DECATUR — Junior Ashlee Colby feels better about her decision to splurge on an apartment for her last year at Millikin University.
That’s because Millikin officials announced Thursday that for the second consecutive year, there will be no increase in tuition for the 2013-14 year, nor will housing costs go up for students living on campus.
“I wanted an off-campus experience for my senior year, and that’s going to cost more,” said Colby, a Batavia native who is majoring in marketing and graphic design. “I’m relieved tuition will stay the same.”
Interim President Rich Dunsworth said that while Millikin’s decision to hold the line on costs for a second straight year is not unprecedented, according to a study the university did two years ago of more than 100 private institutions and their pricing strategies, it is far from customary.
Millikin’s decision means rates will remain what they were in 2011-12: $27,852 for the full-time undergraduate program, $417 per credit hour for the PACE evening undergraduate program and an average of $5,000 annually for dormitory housing.
Dunsworth said the decision was made without the benefit of any projected growth in enrollment, as there was a year ago.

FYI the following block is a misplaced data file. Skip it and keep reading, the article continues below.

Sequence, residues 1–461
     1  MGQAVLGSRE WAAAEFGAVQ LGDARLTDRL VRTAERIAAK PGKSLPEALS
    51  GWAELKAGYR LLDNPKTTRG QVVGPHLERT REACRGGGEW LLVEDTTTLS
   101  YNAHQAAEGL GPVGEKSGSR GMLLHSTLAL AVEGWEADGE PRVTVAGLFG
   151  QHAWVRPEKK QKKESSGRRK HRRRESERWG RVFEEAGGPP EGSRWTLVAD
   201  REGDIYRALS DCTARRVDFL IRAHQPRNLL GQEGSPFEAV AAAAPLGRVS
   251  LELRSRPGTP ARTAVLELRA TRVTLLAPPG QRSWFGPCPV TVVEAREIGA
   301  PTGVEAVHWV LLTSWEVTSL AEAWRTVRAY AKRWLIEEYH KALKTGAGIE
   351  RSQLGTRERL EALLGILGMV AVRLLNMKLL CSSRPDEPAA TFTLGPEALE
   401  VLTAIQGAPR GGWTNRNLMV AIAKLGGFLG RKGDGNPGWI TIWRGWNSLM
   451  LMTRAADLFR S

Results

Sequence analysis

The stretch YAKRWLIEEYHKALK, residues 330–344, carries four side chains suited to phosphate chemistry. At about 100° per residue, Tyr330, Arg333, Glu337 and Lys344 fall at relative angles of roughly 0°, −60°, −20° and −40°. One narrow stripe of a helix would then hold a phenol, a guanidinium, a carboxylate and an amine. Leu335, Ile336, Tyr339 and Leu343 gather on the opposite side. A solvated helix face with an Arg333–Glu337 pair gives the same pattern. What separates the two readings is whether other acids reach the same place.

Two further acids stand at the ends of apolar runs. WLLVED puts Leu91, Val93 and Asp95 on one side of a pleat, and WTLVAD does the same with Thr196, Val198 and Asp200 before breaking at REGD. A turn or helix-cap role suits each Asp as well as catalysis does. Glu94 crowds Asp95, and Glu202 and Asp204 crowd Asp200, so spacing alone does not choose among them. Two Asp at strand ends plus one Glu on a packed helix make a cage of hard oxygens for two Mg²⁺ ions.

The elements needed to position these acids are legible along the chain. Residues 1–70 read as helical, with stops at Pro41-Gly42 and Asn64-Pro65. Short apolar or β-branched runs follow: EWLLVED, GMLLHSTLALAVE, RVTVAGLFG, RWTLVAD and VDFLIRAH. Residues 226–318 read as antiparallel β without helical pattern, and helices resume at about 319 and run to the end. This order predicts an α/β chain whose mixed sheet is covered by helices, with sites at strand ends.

“James Millikin didn’t want this institution to be for the elite or the affluent when he founded it more than a century ago,” Dunsworth said. “It’s part of our institutional culture to be economically accessible to families who want a private education.
“While we can’t make any promises for the enduring future,” he said further, “Millikin intends to continue holding tuition prices as long as possible.”
Dunsworth added that the financial aid 98 percent of its students receive will remain. “Not only will that not be cut, in some areas, we’ve been able to increase the aid we’ve been able to give out,” he said.
Millikin University has 2,264 undergraduate students, 253 of whom are in the PACE program, said Laura Birch, coordinator of institutional research. The two graduate programs have 83 students.
Birch said undergraduate enrollment typically hovers around 2,300 students, with 2,258 last year, 2,295 in 2010-11 and 2,279 in 2009-10.
Dunsworth said grants to help cover utility costs are among measures that have made level tuition and housing costs possible, and “no cuts will be made within the classroom.”
“We are just as committed to delivering a quality education as we are to being accessible.”
Elsewhere, the University of Illinois is raising its tuition for the next school year by 1.7 percent for all three of its campuses and housing costs by 2 percent for Chicago, 3 percent for Urbana-Champaign and 4.9 percent for Springfield.
Student Senate President Jacqui Rogers, a junior from Granite City, said she’s sure she speaks for the entire student body in reacting positively to Millikin’s announcement.
“Three years in a row with the same rates means we haven’t had to scrape together the extra money while facing uncertainty over (state) grants,” Rogers said.